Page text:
Overcoming Breastfeeding Challenges and Concerns: A Lactation Consultant’s Advice

As we discovered from yesterday’s posts, each mother and baby have a unique but beautiful feeding experience. But for some, the process may not come as easy or “naturally” as desired for a variety of reasons. Still, there are many benefits to breastfeeding your baby, as human milk provides the specific nutrients that babies need to grow. Research shows that breastfeeding provides significant value to both infants and mothers.

Keep in mind, breastfeeding is a learning process for both mom and the baby! Successful breastfeeding happens with education and support. Whether you are expecting, currently breastfeeding or would like to breastfeed in the future, I hope some of these tips are useful.

Feeding frequency

The more the baby nurses, the more milk there will be. Frequent nursing and effective milk removal signal the mother’s body to produce the amount of milk her baby needs. Newborns usually nurse 8-12 times per day. Frequent feeding provides comfort, nutrition, and helps assure that the mother’s supply will quickly become well established.

Building/maintaining supply

Allow the baby to nurses as long as he/she seems interested (10-15 minutes or longer). It’s not always about the length of the feeding, but the quality of the feeding. Alternate which breast you start each feeding with.  If you find your baby regularly sleeps more than three hours between feedings, the baby may need to be awakened for feedings to ensure the baby is nursing 8-12 times per day.

How do I know if my baby is getting enough milk?

After your milk comes in (day 3-5), the baby should have at least five to six really wet diapers per day. The baby will begin having at least three to five bowel movements a day beginning about the fifth day after birth (once the meconium is passed). By the fifth day, stool is very loose and bright yellow in color. Finally, you know your baby is getting enough milk when the baby is appearing satisfied after feedings. You should also feel before and after feeding breast changes and hear frequent swallowing. Your pediatrician will monitor the baby’s weight closely to ensure the baby is gaining and well nourished.

Trouble latching/sucking

Be sure the baby is positioned and latched well. Hold your baby in a comfortable position at the level of your nipple with his/her whole body facing you. Wait for the baby to open his/her mouth wide, and then pull the baby close. The nipple should be far back in the baby’s mouth to form a good latch. If needed, try breast compression to keep your baby interested in nursing by squeezing the breast firmly with your thumb on one side and fingers on the other to increase milk flow. Note: a sleepy or jaundiced baby may not nurse vigorously enough to empty your breasts adequately.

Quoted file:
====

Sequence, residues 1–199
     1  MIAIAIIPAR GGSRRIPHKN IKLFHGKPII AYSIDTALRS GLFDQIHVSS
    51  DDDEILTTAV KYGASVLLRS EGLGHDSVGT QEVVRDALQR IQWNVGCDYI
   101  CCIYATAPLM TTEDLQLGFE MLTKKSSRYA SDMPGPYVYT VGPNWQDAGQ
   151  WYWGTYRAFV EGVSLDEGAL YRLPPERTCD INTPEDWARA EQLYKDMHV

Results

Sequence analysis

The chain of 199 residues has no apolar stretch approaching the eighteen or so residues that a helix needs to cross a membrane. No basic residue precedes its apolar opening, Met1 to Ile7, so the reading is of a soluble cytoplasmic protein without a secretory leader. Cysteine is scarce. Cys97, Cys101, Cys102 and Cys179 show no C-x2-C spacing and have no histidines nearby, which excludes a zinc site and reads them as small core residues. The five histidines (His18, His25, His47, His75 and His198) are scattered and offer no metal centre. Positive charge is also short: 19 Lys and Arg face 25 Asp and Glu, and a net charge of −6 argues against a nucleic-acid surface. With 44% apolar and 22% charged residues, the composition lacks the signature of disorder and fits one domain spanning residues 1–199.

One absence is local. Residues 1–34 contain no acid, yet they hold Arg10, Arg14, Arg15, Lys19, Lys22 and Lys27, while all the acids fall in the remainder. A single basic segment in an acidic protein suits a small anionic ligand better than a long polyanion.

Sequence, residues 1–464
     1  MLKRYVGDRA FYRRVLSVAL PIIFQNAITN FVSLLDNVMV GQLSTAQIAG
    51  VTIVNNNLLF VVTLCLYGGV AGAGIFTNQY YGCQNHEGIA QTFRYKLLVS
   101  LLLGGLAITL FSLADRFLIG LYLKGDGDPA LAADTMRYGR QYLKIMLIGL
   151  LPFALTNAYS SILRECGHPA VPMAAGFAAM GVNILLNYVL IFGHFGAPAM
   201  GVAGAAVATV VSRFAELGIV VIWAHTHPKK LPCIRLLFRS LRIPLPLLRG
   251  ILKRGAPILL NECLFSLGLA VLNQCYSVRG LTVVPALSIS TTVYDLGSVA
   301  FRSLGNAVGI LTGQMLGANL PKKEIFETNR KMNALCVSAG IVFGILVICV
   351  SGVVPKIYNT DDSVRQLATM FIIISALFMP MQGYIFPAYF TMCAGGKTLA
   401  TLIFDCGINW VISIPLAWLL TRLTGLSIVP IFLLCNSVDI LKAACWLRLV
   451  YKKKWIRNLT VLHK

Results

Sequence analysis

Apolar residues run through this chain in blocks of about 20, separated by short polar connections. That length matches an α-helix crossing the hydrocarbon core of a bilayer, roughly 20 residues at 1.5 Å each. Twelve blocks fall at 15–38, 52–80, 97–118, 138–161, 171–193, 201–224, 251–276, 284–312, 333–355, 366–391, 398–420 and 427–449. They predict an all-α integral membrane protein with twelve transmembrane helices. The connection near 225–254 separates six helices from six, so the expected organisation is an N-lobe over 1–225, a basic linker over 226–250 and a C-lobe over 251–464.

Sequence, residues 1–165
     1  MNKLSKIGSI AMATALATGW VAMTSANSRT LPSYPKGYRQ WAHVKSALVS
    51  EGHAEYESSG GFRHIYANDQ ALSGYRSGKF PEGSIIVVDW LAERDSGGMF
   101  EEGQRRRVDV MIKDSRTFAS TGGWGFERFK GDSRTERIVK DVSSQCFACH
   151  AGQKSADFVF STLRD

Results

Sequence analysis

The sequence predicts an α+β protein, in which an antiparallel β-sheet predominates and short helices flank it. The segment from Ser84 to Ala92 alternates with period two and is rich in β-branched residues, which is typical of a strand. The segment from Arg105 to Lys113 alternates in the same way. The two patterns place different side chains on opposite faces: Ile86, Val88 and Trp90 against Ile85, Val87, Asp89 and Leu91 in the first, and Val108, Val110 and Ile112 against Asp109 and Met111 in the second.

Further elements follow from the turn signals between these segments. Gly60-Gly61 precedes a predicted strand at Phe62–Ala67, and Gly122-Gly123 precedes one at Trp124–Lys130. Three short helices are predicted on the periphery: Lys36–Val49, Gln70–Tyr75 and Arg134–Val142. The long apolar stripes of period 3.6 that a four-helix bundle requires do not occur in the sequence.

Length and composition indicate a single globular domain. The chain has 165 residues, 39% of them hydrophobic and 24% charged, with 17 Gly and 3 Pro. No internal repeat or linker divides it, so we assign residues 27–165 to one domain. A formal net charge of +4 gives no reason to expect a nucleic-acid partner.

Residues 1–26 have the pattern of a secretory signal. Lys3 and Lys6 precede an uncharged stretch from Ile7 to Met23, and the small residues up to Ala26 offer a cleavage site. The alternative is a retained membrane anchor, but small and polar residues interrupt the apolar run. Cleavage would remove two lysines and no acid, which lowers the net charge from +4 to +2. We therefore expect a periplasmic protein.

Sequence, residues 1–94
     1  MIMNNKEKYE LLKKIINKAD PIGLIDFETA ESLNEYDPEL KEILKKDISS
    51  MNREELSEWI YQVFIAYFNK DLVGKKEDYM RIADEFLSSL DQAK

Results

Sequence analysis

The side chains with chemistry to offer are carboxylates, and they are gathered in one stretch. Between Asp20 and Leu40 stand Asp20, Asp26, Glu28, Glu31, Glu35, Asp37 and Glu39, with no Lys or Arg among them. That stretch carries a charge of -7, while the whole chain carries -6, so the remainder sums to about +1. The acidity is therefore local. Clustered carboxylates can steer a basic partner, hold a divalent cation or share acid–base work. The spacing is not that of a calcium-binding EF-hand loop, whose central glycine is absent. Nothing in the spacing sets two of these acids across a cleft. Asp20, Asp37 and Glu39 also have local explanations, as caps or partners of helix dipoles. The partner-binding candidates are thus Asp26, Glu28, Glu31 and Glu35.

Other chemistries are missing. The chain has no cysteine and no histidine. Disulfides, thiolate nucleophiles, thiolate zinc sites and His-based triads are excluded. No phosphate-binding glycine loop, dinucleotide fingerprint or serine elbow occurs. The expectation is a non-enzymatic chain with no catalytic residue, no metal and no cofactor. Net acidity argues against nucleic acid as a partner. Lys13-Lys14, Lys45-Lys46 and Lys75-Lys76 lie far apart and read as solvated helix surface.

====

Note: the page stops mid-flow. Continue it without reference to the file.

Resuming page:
If you need to increase your milk supply

You will be in close touch with your baby’s doctor to make sure the baby is gaining well over the first weeks and months. If there is a question about your milk supply, contact a breastfeeding specialist.

Remember, breastfeeding is a learning process for you and your baby!

If you are experiencing difficulties breastfeeding or have an immediate concern or question, the Touro Lactation Center has a dedicated line for breastfeeding mothers (available Monday – Friday from 9 a.m. – 4 p.m.) by calling (504) 897-8130. The Lactation Center also offers private consultations, monthly classes and a full-service Lactation Boutique that services mothers in need of breastfeeding supplies, custom bra fittings and support. Services offered by appointment only.

Helpful Websites for Nursing Mothers

La Leche League (local chapter led by NOMB contributor Courntey at ZukaBaby monthly) :: Breastfeeding.com :: KellyMom :: womenshealth.gov

Enter to win $50 to the Touro Lactation Boutique

The Touro Lactation Center has everything a new mom needs to begin breastfeeding, including: Medela breast pumps for both purchase and rental (rentals are available on a daily, weekly and monthly basis), pumping supplies, boppy pillows, nursing bras and custom bra fittings. The Touro Lactation Center is open Monday-Friday from 9 a.m. – 4 p.m. by appointment only. Please call (504) 897-8130 for breastfeeding support, to schedule a visit or register for a class. The Touro Lactation Center is located on the second floor of the hospital near the Family Birthing Center sign-in desk.

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Juliette Glaviano RN, IBCLC

Juliette GlavianoJuliette Glaviano RN, IBCLC, graduated from LSU School of Nursing in 1987 with a Bachelor of Science in Nursing. Juliette began her career at Baptist Hospital in the Well Baby Nursery/NICU from 1987 where she worked until 2005. Following Hurricane Katrina, Juliette worked as a staff nurse in the Birthing Center at St. Tammany Hospital from 2005-2007, and began working part time in the Lactation Department at Ochsner in 2006. Juliette started at Touro in May 2007 in the Well Baby Nursery/NICU. In July 2008 she became a Board Certified Lactation Consultant and transferred to her current role in the Touro Lactation Center. Juliette supports breastfeeding mothers in both the well baby nursery and NICU, provides outpatient consultations, and teaches prenatal breastfeeding class.


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